Recently, the United Nations International Children’s Emergency Fund (UNICEF) in collaboration with the Nigerian government launched Generation Unlimited (GenU) Nigeria on the 26th of July 2021. GenU Nigeria aims to reach 2 million young people aged 10-24years by 2023 and 20 million by 2030 with education, skills training, employment, entrepreneurship and empowerment. I am excited to be one of the key stakeholders driving this intervention.
I must also applaud states like Edo, Kwara, Anambra among others, for the different interventions they are carrying out. However, the question is: Are we really doing enough? Are these interventions bold and big enough to change our educational sector? Will these interventions stand the test of time and be continued by future administrations?. Sadly, the answers to some of the questions above may not be evident to us all for another decade or so. In the unfortunate event that the answers to these questions are negative, then we would be in a more precarious state than we are now and that would be disastrous.
A trip down memory lane unfolds one intervention that was successfully implemented decades ago – Chief Obafemi Awolowo’s Free Education Reform. This is one of the most courageous, bold, innovative and revolutionary reforms in the education sector to date. It was a unique approach to addressing educational difficulties in Western Nigeria. However, this intervention was not without certain inherent challenges, opposition and open hostility but the dedication, determination and commitment of the stakeholders to the project was critical to its success. I would be evaluating the reform’s background, the pushbacks it faced and its results.
In 1952, Chief Obafemi Awolowo proposed and presented a Free Education Reform, which was launched in January 1955. It was one of the key agendas of the Western Nigerian political party – Action Group. From 1952 to 1954, the administration took several steps to meet its 1955 deadline. They initiated a large-scale teacher-training program, started extensive construction of primary and secondary schools across the region and made adequate provision for books and writing materials for the incoming students.
This reform faced stiff opposition. Many people felt that the government of the day was overstepping its boundaries by imposing tax liabilities on parents to fund the program and for also making the program compulsory. This meant that parents would be held liable if they didn’t send their children to school. Wow!, at that time – this was unthinkable. In the 1950s, children were seen as legitimate and necessary contributors to the economic wellbeing of the family. Children served as farmhands, helpers in market places, workshops etc.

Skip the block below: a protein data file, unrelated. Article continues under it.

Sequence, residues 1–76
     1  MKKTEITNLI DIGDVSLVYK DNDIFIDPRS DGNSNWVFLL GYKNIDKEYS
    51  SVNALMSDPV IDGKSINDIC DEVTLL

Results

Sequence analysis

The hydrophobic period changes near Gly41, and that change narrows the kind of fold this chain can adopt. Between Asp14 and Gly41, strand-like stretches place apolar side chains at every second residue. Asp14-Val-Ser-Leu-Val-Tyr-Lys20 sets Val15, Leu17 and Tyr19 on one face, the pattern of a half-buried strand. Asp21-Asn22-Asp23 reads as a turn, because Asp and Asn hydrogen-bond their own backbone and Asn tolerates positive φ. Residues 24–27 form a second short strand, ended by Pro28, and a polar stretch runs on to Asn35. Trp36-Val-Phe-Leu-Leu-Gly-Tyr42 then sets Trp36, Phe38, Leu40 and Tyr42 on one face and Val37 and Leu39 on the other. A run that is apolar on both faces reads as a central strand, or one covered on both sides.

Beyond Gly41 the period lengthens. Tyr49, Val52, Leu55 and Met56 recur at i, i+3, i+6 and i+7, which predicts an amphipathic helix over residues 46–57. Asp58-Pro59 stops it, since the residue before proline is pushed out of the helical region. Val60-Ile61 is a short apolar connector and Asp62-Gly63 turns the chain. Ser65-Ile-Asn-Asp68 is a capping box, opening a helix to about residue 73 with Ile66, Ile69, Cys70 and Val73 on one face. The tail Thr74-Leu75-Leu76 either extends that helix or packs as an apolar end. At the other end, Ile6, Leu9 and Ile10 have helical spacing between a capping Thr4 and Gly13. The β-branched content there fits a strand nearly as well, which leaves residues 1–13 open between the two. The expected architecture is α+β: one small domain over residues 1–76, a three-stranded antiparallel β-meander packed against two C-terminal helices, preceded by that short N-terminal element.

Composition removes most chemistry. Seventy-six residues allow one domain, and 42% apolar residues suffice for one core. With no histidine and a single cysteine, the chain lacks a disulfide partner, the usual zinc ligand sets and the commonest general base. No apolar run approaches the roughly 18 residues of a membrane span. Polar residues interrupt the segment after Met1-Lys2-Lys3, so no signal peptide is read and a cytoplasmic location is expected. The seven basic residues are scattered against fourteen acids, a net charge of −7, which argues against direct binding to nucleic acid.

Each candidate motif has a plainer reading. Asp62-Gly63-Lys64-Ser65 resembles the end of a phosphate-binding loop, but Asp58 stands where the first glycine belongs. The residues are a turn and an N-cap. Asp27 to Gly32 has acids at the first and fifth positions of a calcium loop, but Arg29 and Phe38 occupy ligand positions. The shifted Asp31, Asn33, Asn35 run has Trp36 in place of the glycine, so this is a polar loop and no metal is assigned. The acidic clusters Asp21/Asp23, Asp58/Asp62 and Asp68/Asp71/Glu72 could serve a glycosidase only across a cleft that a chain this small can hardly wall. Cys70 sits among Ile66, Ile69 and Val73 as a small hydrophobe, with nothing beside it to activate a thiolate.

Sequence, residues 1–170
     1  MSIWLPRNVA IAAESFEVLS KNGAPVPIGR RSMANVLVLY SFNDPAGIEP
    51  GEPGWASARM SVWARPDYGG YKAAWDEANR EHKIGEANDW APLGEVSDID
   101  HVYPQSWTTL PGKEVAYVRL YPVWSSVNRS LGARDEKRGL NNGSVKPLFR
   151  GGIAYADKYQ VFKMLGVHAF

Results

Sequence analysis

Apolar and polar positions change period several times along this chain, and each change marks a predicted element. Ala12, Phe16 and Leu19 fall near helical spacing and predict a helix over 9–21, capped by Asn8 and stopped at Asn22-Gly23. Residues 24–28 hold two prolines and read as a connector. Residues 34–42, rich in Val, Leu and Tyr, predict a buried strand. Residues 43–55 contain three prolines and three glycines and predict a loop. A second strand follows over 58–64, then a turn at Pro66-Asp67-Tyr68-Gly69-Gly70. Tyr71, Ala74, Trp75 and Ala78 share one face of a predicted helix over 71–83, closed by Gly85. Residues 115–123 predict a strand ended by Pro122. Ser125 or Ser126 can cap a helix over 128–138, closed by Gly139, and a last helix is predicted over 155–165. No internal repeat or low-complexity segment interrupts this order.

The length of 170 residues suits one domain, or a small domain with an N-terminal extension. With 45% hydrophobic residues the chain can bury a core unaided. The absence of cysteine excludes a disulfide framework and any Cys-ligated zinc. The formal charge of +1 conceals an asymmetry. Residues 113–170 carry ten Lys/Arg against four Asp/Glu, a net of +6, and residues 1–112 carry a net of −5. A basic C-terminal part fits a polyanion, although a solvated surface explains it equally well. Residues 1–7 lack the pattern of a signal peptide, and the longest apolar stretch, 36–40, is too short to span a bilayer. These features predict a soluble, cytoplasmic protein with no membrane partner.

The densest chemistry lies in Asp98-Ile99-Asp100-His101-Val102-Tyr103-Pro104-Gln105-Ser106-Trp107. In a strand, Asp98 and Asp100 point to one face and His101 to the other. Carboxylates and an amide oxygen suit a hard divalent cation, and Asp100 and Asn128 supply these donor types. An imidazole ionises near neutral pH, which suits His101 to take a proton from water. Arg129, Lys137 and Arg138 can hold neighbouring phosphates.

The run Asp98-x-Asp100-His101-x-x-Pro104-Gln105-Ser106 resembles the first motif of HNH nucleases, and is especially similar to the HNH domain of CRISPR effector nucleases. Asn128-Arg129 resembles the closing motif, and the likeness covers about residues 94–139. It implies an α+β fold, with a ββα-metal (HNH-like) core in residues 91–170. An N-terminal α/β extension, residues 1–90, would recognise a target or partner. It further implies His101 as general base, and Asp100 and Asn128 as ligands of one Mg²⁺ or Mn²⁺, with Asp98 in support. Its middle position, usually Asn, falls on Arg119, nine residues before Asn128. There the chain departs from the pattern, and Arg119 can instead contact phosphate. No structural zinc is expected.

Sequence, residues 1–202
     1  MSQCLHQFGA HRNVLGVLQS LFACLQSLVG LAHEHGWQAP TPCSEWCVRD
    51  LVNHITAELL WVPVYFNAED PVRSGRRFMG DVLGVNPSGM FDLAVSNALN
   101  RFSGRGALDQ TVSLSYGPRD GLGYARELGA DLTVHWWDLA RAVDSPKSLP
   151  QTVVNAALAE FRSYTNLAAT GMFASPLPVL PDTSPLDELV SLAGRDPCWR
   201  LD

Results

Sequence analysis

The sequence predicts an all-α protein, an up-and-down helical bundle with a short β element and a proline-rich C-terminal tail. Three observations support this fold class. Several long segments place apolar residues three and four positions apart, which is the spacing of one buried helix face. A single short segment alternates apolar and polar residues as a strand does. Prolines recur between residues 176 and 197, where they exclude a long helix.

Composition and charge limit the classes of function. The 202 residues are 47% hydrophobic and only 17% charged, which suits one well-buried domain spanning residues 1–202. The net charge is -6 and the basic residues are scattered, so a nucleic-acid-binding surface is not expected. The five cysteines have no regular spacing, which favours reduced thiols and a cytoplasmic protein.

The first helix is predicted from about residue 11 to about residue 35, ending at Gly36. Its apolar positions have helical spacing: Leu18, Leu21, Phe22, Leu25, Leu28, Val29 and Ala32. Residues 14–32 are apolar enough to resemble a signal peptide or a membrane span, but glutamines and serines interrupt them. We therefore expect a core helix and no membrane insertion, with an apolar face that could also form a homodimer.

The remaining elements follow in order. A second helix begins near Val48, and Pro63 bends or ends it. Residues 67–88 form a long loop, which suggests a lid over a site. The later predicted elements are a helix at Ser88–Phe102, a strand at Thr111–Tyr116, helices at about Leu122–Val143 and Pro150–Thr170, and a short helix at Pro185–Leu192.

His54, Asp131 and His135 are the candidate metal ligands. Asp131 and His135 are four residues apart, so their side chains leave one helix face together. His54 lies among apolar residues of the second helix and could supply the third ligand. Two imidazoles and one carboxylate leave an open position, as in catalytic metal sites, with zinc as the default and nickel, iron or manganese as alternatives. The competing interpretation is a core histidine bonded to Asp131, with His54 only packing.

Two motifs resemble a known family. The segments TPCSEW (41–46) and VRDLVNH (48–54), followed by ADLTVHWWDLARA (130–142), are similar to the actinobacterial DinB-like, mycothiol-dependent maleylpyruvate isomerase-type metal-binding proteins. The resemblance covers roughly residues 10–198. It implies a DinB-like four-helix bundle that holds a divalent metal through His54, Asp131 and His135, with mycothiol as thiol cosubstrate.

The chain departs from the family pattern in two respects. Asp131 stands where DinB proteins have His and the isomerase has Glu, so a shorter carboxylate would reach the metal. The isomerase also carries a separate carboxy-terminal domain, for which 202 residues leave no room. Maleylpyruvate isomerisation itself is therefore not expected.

Key members of the government and education stakeholders were also opposed to the reform because of its scale and the huge resources that had to be allocated to it. Looking back at this reform, the level of hostility it encountered is astounding. However, Chief Obafemi Awolowo and his colleagues stood firm, remained undaunted and launched the program in 1955; the rest, as they say, is history.
The launch of this scheme was a watershed moment in the educational history of Nigeria and indeed Africa. Its accomplishments were truly outstanding;
      The number of primary schools in the region increased by 80.5 %, from 3,550 to 6670.
      The number of secondary schools increased by 470%, from 68 to 389.
      The number of elementary school students surged by 128%, from 456,600 to 1.04 million.
Other Fallouts
      The reform ushered in a shift in people’s perception of female education. By 1966, 10 years after the program’s inception, nearly two out of every five students in Western Nigeria were female!
   People in the region enjoyed a higher share of personal advancement and modernization as a result of the reform.
  The reform established a larger pool of applicants from which secondary schools and teacher training colleges could recruit.
In conclusion, there is no disputing the fact that the Free Primary Education intervention in Western Nigeria made a considerably remarkable impact and left an indelible imprint in the history of education in Western Nigeria and the country as a whole. This reform led to a faster-growing middle-class, which benefited – higher education, the labour market and the economy.Furthermore, many more states in the country benefited and have been influenced positively by the impact of this intervention to date. This reform has also benefited me, the author of this article. It’s been described as;
“The boldest and perhaps the most unprecedented educational scheme in Africa South of the Sahara”
In the second part of this article, I would be sharing my thoughts on some tough questions we need to answer if we are going to radically transform education in Nigeria.
Till the next time we meet here, remember we all have “A Role to Play.”
Bank-Olemoh is the Senior Special Assistant to the President on Education Interventions.